1st October 2011
Q&A with an Ex-Smoker
Julie is a 55 year old ex-smoker and the Mother-in-Law to one of Shine’s dentists! To mark the end of this year’s Stoptober challenge she kindly answered some questions about how it was for her giving up cigarettes…
How long did you smoke for before you quit?
I smoked for 30 years. I would smoke around ten-a-day but that would vary, if I drank alcohol I would smoke a lot more. I didn’t used to think 10 cigarettes a day was much but now I know 1 cigarette is too many.
How long is it since you quit smoking?
I think it has been about 8 years. I say ‘think’ because I no longer actually think about it. In the early days you count every hour since you have a cigarette, but eventually it is no longer a factor in your life. My grandson can’t remember me smoking so it must be about 8 years.
How does it make you feel that your grandson can’t remember you as a smoker?
It is a huge relief because he really disapproves of smoking! There is much more education about [the dangers of smoking] for children nowadays, so he thinks anyone who smokes is silly. I’m glad he doesn’t think his nanna is silly!
Before you gave up ‘for good’ had you made any previous attempts to stop?
Yes, once. I didn’t do very well but I don’t think I was in the right mind-set. To be able to quit you have to really want to first of all.
What do you think it was that made you eventually give up cigarettes successfully?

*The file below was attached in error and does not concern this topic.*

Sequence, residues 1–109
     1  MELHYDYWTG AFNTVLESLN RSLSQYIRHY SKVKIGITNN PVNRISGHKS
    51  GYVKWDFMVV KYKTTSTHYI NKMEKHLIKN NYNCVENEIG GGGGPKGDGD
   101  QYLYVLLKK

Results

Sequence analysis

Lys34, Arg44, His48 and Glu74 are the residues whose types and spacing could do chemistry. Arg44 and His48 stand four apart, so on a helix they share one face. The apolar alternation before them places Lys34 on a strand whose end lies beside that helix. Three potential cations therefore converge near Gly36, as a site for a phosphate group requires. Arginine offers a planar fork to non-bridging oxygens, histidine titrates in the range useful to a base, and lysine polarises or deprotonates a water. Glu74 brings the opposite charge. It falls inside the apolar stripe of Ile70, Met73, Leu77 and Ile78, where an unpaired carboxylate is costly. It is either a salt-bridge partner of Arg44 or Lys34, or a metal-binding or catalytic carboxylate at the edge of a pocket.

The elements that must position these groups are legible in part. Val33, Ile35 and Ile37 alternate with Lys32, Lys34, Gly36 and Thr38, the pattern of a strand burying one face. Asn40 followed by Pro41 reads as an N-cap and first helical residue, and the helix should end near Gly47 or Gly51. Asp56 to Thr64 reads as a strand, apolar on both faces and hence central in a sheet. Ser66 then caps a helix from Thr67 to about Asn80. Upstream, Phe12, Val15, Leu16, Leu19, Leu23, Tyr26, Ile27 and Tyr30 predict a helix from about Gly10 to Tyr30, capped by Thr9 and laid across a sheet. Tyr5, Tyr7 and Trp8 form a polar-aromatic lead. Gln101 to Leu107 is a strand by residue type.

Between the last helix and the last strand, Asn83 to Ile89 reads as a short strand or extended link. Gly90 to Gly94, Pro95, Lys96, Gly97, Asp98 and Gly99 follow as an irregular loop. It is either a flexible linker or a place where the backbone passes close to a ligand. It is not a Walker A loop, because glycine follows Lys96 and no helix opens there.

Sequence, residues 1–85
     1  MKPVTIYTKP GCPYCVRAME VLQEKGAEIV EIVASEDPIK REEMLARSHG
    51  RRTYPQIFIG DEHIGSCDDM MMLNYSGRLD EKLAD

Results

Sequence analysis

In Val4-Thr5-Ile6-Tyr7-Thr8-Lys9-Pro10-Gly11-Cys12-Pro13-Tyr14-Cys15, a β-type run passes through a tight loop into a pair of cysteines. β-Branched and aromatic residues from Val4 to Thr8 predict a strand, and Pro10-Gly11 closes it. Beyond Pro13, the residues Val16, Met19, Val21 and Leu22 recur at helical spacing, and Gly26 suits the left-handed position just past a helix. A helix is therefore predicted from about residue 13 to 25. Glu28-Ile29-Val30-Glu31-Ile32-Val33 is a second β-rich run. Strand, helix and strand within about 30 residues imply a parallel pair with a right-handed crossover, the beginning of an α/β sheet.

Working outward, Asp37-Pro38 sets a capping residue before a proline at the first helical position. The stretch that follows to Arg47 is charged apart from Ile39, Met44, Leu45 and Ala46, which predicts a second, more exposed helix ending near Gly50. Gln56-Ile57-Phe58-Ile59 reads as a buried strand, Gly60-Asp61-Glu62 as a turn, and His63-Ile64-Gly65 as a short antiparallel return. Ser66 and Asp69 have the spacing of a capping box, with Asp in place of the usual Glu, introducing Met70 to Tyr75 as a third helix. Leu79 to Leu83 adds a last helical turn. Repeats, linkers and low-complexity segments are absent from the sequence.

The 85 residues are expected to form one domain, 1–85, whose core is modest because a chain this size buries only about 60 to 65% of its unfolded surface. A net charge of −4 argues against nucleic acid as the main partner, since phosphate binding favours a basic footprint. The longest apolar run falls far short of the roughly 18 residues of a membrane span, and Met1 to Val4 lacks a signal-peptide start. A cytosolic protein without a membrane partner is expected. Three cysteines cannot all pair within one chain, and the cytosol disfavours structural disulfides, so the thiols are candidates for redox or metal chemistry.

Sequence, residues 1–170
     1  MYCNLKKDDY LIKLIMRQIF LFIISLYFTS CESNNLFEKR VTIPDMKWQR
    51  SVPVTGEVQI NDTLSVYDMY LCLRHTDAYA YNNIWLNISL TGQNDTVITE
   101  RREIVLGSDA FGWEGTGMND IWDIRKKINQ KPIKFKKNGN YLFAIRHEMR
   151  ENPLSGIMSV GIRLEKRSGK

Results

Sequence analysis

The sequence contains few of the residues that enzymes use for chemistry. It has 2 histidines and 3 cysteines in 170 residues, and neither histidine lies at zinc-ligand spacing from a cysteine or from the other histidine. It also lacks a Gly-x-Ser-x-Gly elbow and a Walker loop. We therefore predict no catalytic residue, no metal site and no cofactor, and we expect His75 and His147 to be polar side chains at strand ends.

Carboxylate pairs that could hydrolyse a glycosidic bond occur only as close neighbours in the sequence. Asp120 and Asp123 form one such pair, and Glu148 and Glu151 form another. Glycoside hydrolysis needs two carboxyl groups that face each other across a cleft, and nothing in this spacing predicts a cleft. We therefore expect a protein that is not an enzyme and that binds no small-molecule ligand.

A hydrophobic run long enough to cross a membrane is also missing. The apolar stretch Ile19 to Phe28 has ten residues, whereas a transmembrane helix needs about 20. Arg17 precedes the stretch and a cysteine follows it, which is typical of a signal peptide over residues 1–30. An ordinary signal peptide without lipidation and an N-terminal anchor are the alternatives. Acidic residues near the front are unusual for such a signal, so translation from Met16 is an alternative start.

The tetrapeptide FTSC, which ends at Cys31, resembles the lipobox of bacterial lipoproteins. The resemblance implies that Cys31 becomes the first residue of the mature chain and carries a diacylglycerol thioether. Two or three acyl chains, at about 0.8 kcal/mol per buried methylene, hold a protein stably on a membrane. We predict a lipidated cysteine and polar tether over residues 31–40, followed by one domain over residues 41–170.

My sister becoming ill was the final straw for me. I wanted to take control of my own health.
How did you stop? Did you use any nicotine-replacement aids?
No. The first time I tried I used nicotine patches but when I successfully quit it was just pure willpower. The patches didn’t work for me but I know people who they have really helped. I’d say try anything you can as what doesn’t work for one person can really help another. For me, the fact that I really, really wanted to quit was enough.
How long was it before it felt ‘normal’ to not have a cigarette?
Honestly- a couple of years. So for anyone trying to quit, don’t think you are failing because you still crave a cigarette. Look at the long term goals and the bigger picture and you will get there.
What benefits have you noticed since giving up smoking?
When I was a smoker I had ongoing gum disease issues, which have stabilised since I’ve quit. I still have to have it monitored regularly but for now it is stable, which is a huge relief. I often wonder how my general health would be by now if I’d carried on smoking, and that is enough to make sure I never look back!
Also, I do not know how I afforded to smoke! I am able to treat myself more often now with some of the money that would have been spent on a packet of cigarettes.
Any final advice for anyone who is trying to quit?
In order to quit you must first really want to. Aside from the addictive nature of nicotine, the hardest aspect is breaking the habit. Before attempting to quit make sure you are mentally prepared and if you don’t succeed the first time, it doesn’t mean you won’t be successful the next time- you can do it!
If you are contemplating quitting smoking and need some advice you can always speak to one of the dentists at Shine Dental Care who will be happy to help.